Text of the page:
Welcome back to the weekly digest of Latin American news! I apologize again for the lack of posts in the last two weeks—I accepted and started a new job and moved halfway across the country, and unfortunately Everything You Never Know about Latin America just sort of slipped through the cracks. This week should mark a return to twice-weekly posts. In addition to coverage regarding COVID-19, stories from this week include the discovery of mammoth skeletons in Mexico, an impeachment process in Peru, and a new development in the status of Bolivia’s Evo Morales.
First, COVID-19 has infected at least 8 million people in Latin America, more than half of them in Brazil. Some 300,000 or more people in Latin America have died as a direct result of the pandemic. Worldwide, nearly 900,000 people have died from COVID-19.1 However, in better news, the rate of infection in the region’s hardest-hit countries (Brazil, Mexico, and Peru) has slowed in the last week. As economies falter and nations grapple with the fallout from the public health crisis, Latin America hopes to have turned a corner in the fight against the coronavirus.
In Mexico, an ongoing political dispute has led to the death of one protestor and the serious injury of that protestor’s husband. As it has since the signing of a 1944 agreement with the United States, Mexico sends a large amount of water to its northern neighbor every year. This year, facing a water shortage of their own and in danger of missing an October deadline for water deliveries, the Mexican government is drawing heavily from local reservoirs in the northwestern part of the country, like the state of Chihuahua. For months, protestors have attempted to shut down water deliveries and prevent National Guards from enforcing the government mandate. This week, National Guards arrested three protestors accused of having tear gas canisters and handgun ammunition. During transit to a local town, the troops came under fire and fired back, killing one woman and wounding her husband severely.2 The Mexican President, Andrés Manuel López Obrador, condemned the killings and announced the start of an investigation, while Chihuahua’s governor defended peaceful protestors and stated that the couple had been attacked by government forces.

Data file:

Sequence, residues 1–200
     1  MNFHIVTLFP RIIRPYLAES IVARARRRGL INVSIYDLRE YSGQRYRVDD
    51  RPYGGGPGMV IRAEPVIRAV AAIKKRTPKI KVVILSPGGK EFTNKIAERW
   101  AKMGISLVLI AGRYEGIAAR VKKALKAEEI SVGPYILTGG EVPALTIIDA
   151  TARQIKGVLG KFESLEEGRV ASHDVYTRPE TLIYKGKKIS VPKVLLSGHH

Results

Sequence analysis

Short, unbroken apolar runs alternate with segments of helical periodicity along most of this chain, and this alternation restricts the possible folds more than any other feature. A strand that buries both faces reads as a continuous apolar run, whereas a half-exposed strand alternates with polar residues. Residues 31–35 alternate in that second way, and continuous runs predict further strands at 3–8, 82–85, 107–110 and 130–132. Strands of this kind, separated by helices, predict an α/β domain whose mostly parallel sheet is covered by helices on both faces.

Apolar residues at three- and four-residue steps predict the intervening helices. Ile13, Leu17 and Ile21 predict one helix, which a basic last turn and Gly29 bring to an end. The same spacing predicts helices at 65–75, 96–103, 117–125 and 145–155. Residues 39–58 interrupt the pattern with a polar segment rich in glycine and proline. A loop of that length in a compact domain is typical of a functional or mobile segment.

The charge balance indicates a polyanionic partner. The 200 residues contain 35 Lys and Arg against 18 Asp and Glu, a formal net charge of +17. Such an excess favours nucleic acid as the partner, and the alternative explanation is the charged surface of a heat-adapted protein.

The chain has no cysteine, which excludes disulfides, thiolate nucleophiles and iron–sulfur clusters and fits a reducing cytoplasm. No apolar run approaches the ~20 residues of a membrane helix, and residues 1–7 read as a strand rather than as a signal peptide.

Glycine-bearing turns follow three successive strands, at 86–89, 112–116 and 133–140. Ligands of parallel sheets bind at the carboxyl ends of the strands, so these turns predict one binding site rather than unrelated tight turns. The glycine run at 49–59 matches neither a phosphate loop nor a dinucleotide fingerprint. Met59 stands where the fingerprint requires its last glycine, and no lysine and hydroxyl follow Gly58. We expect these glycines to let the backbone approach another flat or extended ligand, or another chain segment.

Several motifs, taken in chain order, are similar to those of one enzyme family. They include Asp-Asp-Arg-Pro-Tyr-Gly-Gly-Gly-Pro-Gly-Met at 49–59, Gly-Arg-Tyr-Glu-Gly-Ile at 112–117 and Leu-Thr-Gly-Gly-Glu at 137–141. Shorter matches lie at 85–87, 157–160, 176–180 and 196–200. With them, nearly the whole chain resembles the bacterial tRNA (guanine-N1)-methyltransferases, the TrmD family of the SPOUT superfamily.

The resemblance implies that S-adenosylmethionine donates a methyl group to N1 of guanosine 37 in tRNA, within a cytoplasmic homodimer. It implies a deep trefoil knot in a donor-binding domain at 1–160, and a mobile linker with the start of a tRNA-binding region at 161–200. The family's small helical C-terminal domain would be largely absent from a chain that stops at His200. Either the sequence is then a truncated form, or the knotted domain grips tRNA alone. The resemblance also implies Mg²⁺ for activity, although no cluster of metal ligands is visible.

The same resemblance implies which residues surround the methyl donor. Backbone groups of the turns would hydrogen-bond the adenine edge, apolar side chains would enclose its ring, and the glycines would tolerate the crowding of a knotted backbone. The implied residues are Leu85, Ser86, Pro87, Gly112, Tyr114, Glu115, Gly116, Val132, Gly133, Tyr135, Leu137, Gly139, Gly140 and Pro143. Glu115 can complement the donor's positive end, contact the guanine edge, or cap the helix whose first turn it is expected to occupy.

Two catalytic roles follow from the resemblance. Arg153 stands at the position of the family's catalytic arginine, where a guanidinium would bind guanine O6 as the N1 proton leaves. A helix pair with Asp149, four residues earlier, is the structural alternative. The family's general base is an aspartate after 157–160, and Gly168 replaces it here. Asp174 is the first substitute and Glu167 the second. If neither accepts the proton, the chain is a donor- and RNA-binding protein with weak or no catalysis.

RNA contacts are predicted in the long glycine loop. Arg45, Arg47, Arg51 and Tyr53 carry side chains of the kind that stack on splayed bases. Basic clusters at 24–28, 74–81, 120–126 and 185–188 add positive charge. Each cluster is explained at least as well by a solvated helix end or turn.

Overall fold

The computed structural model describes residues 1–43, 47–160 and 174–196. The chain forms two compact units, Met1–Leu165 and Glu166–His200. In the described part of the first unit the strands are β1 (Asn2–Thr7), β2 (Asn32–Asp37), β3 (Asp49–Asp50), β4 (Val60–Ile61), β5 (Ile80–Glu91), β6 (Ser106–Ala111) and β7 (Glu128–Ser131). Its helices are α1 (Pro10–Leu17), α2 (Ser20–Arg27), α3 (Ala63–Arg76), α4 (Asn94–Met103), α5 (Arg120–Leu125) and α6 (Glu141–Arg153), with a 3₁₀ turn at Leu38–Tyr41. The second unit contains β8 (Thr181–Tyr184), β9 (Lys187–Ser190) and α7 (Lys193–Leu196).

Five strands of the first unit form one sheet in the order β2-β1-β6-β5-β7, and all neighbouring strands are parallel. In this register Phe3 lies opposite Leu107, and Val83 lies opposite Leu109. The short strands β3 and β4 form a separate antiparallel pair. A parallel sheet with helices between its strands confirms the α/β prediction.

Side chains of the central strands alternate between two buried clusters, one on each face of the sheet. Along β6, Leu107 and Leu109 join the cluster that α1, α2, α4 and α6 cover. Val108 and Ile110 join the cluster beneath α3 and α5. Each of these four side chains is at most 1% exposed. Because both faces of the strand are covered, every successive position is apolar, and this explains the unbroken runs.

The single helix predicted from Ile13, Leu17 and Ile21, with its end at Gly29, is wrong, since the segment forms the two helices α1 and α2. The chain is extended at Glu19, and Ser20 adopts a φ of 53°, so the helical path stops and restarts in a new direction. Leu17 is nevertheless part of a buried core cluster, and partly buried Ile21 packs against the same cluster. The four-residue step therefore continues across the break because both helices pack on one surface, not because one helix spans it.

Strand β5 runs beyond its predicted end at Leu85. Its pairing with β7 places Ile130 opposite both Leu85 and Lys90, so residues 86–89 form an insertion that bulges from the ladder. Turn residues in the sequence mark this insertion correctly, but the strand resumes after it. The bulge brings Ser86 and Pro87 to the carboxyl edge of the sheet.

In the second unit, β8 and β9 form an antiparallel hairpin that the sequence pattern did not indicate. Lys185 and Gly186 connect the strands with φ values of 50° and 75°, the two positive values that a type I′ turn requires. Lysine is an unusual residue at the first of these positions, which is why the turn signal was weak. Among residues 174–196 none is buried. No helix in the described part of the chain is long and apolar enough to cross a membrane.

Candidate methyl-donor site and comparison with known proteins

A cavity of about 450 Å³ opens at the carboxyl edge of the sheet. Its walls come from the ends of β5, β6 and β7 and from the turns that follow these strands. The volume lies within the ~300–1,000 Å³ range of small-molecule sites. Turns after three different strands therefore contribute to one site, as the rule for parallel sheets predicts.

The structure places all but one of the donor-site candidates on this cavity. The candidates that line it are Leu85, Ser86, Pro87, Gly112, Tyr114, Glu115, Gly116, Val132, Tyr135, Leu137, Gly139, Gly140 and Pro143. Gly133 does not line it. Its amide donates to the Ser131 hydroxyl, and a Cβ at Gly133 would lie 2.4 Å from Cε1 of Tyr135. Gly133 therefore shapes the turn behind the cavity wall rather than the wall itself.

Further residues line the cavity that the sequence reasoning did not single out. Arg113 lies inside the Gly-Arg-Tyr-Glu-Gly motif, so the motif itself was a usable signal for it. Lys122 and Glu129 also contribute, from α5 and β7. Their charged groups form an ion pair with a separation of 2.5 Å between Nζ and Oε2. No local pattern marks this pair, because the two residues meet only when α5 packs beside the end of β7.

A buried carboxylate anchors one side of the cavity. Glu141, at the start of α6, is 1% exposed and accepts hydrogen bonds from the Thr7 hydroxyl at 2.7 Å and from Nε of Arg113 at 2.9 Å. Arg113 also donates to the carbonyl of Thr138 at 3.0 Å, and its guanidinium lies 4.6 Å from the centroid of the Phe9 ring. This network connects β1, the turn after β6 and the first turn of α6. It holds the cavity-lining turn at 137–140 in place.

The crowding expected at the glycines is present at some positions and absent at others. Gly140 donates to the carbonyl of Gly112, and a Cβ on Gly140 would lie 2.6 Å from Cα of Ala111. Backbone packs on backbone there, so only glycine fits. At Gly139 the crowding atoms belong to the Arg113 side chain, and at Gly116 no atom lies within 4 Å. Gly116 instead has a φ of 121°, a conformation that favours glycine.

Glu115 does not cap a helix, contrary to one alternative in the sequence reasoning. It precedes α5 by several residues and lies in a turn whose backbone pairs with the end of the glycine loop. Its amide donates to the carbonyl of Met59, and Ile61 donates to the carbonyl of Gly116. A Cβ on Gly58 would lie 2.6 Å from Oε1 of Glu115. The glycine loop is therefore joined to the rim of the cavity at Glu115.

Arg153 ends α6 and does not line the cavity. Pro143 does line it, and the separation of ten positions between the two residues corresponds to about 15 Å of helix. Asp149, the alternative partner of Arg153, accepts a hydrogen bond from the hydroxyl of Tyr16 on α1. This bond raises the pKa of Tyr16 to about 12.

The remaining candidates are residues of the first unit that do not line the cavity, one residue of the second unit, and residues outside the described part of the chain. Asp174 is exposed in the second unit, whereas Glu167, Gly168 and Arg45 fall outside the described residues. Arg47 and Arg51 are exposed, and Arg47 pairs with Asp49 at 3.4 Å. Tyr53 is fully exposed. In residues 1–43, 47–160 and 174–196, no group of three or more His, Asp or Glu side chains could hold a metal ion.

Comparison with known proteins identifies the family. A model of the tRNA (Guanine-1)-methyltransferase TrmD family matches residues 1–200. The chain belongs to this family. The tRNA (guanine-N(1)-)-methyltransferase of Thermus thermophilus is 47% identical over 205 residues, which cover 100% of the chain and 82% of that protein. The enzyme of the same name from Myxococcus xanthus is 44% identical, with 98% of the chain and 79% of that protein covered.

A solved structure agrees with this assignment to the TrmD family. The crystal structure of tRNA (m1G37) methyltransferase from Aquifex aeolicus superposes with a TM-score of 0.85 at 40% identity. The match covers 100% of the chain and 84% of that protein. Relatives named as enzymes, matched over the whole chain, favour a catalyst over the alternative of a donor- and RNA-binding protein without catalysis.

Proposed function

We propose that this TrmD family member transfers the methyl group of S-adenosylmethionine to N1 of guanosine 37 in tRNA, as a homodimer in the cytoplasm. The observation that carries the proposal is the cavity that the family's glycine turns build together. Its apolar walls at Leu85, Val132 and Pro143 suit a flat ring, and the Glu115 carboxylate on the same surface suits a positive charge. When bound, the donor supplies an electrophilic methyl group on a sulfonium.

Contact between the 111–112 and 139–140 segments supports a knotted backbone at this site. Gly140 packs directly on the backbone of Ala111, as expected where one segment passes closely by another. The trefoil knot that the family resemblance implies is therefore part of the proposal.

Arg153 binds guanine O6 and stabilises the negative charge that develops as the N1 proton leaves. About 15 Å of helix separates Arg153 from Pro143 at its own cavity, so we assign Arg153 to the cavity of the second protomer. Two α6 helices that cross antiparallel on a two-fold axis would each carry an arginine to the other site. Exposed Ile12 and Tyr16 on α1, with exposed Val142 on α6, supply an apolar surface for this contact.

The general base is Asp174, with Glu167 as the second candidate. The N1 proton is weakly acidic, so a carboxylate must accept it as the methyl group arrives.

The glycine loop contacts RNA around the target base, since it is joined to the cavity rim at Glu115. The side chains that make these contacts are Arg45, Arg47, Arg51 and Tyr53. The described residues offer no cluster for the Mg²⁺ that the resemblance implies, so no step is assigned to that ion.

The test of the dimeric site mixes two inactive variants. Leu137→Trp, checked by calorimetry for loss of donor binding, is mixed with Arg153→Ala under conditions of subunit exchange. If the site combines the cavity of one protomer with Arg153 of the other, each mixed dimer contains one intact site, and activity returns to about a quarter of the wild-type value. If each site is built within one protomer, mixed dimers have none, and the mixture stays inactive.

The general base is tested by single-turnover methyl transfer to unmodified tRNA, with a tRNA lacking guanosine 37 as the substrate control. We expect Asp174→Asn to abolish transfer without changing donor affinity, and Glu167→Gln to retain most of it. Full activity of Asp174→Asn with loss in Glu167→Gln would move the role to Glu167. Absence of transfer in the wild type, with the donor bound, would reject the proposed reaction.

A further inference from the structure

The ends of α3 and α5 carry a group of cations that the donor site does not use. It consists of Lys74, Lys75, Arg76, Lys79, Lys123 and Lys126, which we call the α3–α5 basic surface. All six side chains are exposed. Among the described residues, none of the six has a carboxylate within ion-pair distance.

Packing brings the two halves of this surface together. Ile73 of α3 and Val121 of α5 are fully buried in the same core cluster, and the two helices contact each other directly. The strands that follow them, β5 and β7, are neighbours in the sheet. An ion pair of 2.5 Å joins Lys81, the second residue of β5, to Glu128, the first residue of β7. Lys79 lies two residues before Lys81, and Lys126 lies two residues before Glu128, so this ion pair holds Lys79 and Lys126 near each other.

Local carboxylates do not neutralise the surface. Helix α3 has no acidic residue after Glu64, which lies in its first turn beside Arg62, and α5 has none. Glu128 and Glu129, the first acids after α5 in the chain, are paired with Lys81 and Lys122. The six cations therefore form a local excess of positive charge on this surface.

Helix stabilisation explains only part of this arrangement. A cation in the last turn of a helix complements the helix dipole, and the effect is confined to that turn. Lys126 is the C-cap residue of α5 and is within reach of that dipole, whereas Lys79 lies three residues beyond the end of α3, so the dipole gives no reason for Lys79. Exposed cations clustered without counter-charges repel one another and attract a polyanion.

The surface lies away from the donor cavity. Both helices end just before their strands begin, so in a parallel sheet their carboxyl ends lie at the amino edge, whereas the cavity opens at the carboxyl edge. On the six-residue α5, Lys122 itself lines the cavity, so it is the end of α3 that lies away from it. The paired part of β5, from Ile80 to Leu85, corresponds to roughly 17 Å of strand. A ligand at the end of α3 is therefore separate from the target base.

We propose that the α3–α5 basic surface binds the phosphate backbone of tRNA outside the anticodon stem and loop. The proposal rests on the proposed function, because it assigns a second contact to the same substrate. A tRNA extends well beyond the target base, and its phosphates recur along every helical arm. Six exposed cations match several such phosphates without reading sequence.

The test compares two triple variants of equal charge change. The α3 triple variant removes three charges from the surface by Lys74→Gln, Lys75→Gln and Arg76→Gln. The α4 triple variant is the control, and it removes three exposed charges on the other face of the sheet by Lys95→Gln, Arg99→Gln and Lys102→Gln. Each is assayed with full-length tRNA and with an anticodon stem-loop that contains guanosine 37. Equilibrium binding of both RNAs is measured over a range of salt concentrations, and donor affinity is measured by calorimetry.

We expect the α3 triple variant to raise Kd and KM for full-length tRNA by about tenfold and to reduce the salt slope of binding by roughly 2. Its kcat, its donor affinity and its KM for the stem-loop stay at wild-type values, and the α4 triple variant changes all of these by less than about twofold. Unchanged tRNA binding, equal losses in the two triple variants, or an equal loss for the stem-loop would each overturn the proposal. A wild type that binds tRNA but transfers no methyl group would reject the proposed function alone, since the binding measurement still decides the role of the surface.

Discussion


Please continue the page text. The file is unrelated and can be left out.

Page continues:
In other Mexican news, a large trove of mammoth skeletons has been discovered in a Mexico City construction site. Experts have unearthed at least 200 mammoth skeletons, as well as the bones of smaller creatures like horses.3 Whether the mammoths died of natural causes or from the efforts of early humans remains unclear, but it does seem that the human inhabitants of the region made use of smaller bones and carcasses for tools, clothing, and other implements. Paleontologists hope that by studying the remains, they will find more information about what led to the extinction of the huge mammals.
In Peru, a years-long corruption scandal entered new territory this week, as the Peruvian Congress has begun impeachment proceedings against President Martín Vizcarra. Vizcarra is accused of corruption and poor use of government funds, with the ongoing economic downturn caused by COVID-19 serving as stark contrast for recent government contracts.4 This week’s release of a tape seeming to show Vizcarra discussing options for covering up the alleged malfeasance is the flashpoint for impeachment proceedings. The charge against Vizcarra is “moral incapacity,” and if he is removed from office, he will be the second consecutive Peruvian President to leave office early, as Pedro Pablo Kuczynski Godard resigned in 2018 following allegations of corruption and vote buying.5
Finally, the Human Rights Watch organization alleges that Bolivia’s interim government is engaging in a campaign of legal sanctions against former president Evo Morales and his supporters. Morales, who was pushed out of his position and exiled late in 2019, faces a charge of terrorism for a phone call with supporters in which he allegedly urged protestors to prevent access to Bolivia’s capital of La Paz. Supporters of Morales face similar charges for speaking with him on the phone and for opposing governmental policies in 2020.6 The Human Rights Watch report accuses Interim President Jeanine Áñez and her supporters of overseeing an offensive of dubious legality targeting over 100 of Morales’s supporters. Such an accusation comes as COVID-19 wreaks havoc on the Bolivian economy and society, and as elections have been postponed twice.7 Áñez, who enjoys the support of the United States, promised not to run in the new election, but reversed course, and now finds herself polling in third place far behind Morales’s Movement Towards Socialism Party, which polls at 26%.